16    critical things about polygraph, have been major 

17    opponents of polygraph and their views are reflected in 

18    that very small percentage which I think is less than 5 

19    percent who say that it is virtually useless.  

20               So there is a little bit of polarization in 

21    that sense.  The critics got their say there but the 

22    bulk of the people moved more in the direction when they 

23    were informed of being accepting of polygraph.

24         Q     But in the 1993, 1992­1993 survey, first of 

25    all the number of members randomly sampled were about 

                       BETTY J. LANPHERE                     


 1    one­half of the total membership of the 

 2    psychophysiological societies?

 3         A     I would have to look at the publication.  I 

 4    don't think they got half the membership to respond.

 5         Q     No.  I am talking about the number of people 

 6    actually sampled.

 7         A     You mean that were sent questionnaires?

 8         Q     Yes.

 9         A     Well, I would have to look at it.  I don't 

10    remember that number.

11         Q     So you don't recall that of the 450 

12    approximately who received surveys, only 136 people 

13    responded?

14         A     That sounds about right.  That is a typical 

15    response.  In fact, it is a pretty good response to a 

16    mail survey so I think that's better than what you 

17    usually get.  Many mail surveys get about a five percent 

18    return.  So that sounds more like a 30 percent return.

19         Q     Nevertheless, that is about one­third of the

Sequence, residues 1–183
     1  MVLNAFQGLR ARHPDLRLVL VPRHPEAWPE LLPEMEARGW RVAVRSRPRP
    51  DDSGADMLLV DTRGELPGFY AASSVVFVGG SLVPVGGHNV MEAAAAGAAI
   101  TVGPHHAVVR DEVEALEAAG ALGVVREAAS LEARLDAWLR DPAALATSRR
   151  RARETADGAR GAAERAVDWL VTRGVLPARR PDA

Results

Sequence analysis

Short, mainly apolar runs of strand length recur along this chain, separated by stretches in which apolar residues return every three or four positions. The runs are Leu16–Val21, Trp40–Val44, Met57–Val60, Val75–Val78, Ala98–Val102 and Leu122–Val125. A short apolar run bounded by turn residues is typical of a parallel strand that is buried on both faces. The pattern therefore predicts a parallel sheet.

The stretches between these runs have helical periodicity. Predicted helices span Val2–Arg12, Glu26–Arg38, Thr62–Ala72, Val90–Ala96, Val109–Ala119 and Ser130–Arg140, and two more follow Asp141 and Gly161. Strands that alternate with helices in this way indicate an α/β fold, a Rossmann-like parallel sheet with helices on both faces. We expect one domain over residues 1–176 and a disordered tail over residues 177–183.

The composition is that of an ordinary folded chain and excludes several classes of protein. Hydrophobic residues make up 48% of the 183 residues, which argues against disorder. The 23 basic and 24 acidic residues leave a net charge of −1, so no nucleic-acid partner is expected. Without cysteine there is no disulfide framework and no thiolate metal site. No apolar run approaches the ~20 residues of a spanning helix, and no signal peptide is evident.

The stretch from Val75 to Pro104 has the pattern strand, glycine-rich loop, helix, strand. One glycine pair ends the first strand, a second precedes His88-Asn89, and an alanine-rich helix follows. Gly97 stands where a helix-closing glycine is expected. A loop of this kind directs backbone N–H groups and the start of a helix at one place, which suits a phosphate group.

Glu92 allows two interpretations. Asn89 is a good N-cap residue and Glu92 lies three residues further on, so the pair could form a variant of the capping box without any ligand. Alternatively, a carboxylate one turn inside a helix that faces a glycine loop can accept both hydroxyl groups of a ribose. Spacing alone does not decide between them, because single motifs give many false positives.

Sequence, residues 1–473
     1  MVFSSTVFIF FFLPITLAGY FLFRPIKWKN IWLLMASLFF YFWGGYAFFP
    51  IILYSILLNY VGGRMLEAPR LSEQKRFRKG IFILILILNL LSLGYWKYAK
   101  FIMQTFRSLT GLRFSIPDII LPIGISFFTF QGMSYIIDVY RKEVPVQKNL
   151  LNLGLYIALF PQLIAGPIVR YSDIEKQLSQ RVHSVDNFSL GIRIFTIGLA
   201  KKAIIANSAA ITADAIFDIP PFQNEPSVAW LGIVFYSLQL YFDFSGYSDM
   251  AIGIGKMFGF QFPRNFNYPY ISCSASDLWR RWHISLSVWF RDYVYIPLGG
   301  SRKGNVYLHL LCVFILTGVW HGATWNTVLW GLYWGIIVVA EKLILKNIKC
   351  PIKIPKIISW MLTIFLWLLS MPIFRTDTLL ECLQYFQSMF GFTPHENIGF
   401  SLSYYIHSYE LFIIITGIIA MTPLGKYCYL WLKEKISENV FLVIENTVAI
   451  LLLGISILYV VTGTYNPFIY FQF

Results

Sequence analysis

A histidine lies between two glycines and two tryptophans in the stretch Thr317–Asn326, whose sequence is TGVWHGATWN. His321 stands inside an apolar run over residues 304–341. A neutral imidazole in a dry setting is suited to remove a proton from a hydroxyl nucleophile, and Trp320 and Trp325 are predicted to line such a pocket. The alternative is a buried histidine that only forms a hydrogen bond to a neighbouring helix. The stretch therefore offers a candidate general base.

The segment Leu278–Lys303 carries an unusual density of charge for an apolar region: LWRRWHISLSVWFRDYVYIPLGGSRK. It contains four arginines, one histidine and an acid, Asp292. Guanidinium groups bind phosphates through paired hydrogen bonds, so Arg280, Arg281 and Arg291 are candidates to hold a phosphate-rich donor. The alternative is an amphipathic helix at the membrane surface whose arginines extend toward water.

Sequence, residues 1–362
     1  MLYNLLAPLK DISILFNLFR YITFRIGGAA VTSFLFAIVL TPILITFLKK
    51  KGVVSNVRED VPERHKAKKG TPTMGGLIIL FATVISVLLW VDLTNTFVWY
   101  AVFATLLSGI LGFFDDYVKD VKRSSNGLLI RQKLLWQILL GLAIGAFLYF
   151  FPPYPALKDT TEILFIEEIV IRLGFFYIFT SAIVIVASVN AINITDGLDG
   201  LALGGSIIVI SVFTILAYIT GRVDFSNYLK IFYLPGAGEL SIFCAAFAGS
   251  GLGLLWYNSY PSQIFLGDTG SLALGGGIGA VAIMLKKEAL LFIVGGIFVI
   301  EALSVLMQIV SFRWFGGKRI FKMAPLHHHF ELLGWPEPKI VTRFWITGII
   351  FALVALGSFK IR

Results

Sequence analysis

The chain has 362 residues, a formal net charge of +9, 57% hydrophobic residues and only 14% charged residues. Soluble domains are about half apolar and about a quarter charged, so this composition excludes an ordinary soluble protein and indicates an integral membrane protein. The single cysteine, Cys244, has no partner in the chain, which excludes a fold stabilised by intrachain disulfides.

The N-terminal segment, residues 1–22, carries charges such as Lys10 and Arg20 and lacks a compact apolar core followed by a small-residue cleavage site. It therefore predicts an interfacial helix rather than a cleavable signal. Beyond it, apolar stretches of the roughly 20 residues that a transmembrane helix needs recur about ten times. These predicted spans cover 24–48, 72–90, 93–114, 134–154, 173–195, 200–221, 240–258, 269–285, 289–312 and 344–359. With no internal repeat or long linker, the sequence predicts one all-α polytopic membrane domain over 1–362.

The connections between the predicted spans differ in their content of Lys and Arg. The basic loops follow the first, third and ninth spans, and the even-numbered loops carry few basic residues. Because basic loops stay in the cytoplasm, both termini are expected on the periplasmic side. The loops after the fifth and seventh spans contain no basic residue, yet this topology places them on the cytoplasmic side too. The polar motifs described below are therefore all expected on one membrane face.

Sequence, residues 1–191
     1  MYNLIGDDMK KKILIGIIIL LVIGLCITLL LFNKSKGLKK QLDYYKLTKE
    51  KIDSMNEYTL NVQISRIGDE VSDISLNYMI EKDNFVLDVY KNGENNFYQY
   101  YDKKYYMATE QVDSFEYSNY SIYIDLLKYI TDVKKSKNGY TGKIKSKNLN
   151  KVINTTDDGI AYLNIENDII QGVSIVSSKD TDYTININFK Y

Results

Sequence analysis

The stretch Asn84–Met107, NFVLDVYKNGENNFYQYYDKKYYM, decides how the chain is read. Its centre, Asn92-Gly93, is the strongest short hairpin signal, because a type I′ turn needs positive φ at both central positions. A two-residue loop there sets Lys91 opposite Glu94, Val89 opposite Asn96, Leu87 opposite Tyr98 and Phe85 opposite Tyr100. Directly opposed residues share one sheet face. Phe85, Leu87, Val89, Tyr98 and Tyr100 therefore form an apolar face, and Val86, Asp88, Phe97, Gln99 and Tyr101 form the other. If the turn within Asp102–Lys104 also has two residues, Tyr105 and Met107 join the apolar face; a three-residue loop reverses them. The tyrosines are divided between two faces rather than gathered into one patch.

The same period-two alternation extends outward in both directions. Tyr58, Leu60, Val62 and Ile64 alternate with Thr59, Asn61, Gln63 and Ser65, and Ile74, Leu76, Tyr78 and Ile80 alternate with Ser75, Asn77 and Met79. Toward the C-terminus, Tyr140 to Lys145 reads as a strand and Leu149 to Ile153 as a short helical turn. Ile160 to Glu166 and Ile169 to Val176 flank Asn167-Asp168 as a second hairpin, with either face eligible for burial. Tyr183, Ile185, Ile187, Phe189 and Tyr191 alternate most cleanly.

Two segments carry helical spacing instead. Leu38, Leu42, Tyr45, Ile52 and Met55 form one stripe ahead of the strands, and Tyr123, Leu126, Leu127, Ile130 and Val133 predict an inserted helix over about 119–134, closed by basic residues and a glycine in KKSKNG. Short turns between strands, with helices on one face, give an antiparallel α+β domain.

20    membership, of the total membership approximately?

21         A     In terms of the return?

22         Q     Yes.

23         A     It is less than one­third but it is more than 

24    in the Gallup survey.  They only sampled every fifth 

25    member.

                       BETTY J. LANPHERE                     


 1         Q     And of the more or less 60 percent of the 136 

 2    who responded, they agreed with the statement that the 

 3    polygraph is a useful diagnositc tool to be used with 

 4    other evidence?

 5         A     A substantial majority agreed that with 

 6    statement, yes.

 7         Q     And you would agree that that is still a 

 8    somewhat highly qualified statement by the membership 

 9    about the use of the polygraph?

10         A     I don't think so.  That is my position and 

11    always has been my position and I am considered by many 

12    people to be one of the strong advocates and that is my 

13    position.  That is as strong as I think anybody is 

14    justified in going.  I think the people who said that's 

15    the only thing you need went too far.

16         Q     In fact, isn't that statement that it's a 

17    useful diagnostic tool that could be used with other 

18    evidence is a statement that could be agreed with even 

19    by some of the critics of the use of the polygraph?

20         A     No.  Oh, no.  They say it's horrible, it's